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from verdant tea
weekly tea: camellia crassicolumna
One of the sure ways to get me to try a tea is by saying “this is not like anything you’ve tried before.” So anyway, I was checking out Verdant Tea (new to me tea vendor), and I saw that they had tea made from the leaves of camellia crassicolumna.
Modern, cultivated tea comes from camellia sinensis. Crassicolumna is a close relative, but one that wasn’t cultivated. I thought—well, interesting. Let’s see what it‘s like.
The smell was…a little bit like tea, a little bit…weird. The taste was a little bit like tea and a little bit…weird. It was not exactly bad, but you know that feeling when you’re drinking milk and it hasn’t actually gone off yet, but you kind of got the feeling that if you left it in the fridge for another day, it would be done? Yeah. That was what this tasted like.
I have learned a valuable lesson about why there’s more than a millennia devoted to the cultivation of camellia sinensis, and none at all devoted to camellia crassicolumna. I’m not exactly not recommending it—if you want to know what it tastes like, sure, go ahead. But I’m not really recommending it.

Comminution is frustrating
My husband was looking at the X-ray of my broken big toe before the orthopedist came into the room for my appointment. In full ER-doctor mode, he was saying things like “yup, that’s a ratty looking no-good comminuted fracture.” I did not know what comminuted meant, and he did not define. I got to look it up later: broken into many pieces.
Apparently if I was going to break any one-inch bone in my body, I picked the exact one-inch bone that would wreak the maximum havoc on my life, and spent approximately two days stewing. Of all the things my ADHD brain does not like doing, “sitting very still and not moving much” is very high up the list.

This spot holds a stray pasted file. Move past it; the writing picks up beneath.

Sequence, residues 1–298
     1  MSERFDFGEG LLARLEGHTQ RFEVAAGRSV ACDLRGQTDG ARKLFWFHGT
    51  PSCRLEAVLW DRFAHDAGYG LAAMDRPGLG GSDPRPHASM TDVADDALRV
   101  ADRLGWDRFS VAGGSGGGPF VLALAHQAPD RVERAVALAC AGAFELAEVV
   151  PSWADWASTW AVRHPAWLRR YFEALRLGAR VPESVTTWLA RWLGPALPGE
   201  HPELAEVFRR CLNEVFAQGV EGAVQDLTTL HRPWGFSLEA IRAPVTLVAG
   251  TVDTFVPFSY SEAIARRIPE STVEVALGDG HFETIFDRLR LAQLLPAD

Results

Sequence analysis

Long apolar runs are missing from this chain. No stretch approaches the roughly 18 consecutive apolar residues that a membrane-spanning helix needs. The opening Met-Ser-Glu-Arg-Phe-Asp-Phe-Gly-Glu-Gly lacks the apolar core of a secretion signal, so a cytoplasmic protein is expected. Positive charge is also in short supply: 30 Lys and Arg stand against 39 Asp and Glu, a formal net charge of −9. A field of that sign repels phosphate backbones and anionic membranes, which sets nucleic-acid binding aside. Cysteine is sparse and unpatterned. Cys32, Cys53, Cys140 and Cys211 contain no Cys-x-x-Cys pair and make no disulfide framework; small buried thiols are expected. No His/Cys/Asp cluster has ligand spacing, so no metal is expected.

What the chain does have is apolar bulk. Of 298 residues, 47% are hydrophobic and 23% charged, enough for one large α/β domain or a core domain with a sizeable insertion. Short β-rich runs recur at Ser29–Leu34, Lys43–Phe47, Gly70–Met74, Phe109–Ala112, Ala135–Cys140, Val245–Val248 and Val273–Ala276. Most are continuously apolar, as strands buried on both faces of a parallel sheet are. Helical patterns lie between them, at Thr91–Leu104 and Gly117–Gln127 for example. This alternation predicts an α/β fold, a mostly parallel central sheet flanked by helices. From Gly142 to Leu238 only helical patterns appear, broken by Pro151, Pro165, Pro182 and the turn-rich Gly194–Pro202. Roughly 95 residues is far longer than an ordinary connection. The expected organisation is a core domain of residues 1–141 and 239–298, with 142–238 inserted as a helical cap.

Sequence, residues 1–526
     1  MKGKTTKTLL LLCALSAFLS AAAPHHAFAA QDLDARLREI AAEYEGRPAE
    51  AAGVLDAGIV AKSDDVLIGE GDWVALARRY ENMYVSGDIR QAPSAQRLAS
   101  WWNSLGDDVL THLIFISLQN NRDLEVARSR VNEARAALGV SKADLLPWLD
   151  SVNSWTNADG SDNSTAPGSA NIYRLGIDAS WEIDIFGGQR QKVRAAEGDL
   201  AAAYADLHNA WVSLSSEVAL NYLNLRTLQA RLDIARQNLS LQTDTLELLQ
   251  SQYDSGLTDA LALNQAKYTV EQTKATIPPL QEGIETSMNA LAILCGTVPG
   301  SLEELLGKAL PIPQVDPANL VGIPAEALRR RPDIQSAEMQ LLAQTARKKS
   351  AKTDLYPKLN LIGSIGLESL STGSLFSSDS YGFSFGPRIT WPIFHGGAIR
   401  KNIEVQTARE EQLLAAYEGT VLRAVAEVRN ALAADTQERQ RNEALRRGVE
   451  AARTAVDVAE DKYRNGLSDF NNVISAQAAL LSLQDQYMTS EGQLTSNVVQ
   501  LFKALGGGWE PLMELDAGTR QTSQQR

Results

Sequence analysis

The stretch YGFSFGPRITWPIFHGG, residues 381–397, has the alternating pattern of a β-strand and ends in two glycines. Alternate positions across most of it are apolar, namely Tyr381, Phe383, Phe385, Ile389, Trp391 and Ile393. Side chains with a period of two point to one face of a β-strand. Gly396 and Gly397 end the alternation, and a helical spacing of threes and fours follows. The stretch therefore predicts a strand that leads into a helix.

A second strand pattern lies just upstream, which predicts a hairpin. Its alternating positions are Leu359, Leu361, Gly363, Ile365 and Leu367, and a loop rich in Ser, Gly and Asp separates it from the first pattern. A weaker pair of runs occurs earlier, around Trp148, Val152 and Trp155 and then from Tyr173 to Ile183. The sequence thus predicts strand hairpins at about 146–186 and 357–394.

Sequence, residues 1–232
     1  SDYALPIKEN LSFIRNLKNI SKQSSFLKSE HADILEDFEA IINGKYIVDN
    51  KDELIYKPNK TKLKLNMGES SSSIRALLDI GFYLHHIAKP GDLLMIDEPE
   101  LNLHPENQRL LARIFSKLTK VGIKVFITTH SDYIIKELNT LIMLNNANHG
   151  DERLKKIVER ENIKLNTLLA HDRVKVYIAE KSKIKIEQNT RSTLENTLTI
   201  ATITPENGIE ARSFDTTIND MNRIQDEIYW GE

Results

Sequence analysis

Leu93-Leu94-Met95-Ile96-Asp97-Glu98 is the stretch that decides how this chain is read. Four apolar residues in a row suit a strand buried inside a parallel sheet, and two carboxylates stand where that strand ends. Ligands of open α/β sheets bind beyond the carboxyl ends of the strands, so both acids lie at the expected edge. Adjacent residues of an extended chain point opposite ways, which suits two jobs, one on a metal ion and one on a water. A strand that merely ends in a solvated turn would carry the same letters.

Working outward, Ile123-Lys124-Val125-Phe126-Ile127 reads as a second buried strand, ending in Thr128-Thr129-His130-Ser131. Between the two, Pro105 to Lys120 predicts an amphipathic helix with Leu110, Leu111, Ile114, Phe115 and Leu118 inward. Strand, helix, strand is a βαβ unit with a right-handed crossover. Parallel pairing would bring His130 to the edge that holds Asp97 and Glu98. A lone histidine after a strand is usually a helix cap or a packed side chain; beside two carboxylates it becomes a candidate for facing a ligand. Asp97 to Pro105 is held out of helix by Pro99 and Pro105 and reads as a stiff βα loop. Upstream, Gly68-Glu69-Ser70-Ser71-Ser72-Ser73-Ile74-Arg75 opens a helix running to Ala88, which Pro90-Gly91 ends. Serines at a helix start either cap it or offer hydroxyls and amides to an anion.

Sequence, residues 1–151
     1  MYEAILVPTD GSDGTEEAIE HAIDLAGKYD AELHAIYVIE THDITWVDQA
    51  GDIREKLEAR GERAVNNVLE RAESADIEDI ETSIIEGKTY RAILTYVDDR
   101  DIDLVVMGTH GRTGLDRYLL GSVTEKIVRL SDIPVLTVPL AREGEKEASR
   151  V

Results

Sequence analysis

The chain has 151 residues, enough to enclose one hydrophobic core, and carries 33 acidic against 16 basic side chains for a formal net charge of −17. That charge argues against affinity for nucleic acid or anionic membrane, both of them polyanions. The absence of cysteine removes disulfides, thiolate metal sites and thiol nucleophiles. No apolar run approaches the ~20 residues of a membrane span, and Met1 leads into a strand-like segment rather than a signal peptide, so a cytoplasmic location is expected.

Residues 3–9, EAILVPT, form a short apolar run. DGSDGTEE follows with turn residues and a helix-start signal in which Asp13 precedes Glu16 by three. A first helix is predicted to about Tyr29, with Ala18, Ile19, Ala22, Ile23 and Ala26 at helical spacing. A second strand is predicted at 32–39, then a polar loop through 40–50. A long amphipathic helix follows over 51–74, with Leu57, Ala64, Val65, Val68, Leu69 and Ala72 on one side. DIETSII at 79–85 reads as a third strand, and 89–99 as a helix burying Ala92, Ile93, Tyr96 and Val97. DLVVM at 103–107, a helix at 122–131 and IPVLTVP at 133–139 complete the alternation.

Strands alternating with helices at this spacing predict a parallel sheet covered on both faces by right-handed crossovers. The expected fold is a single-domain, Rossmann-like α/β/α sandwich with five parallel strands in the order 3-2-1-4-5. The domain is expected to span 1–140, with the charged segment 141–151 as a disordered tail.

Over the weekend, I was reminded of a time when I injured myself extremely badly (and semi-permanently) because I could not make myself believe that perhaps if something hurts you should stop doing it. A friend asked me what I would say to my old self in that circumstance.
Back then, I didn’t know that trying to force myself to do things was going to make what could have been a one-time thing into a chronic tendon condition that would last decades. I thought about it for a moment and finally realized I would have said: “You deserve to heal.”
I am still very uncomfortable with this concept, but it turns out I have a lot of time to sit with it.
This is going to be a short newsletter because it turns out that when your body is healing one inch of comminuted bone, it actually gets exhausted by fairly normal activities, like sitting at a desk to write newsletters, and so I’ve been trying to reserve that time for working on books.

SEE YOU next week.
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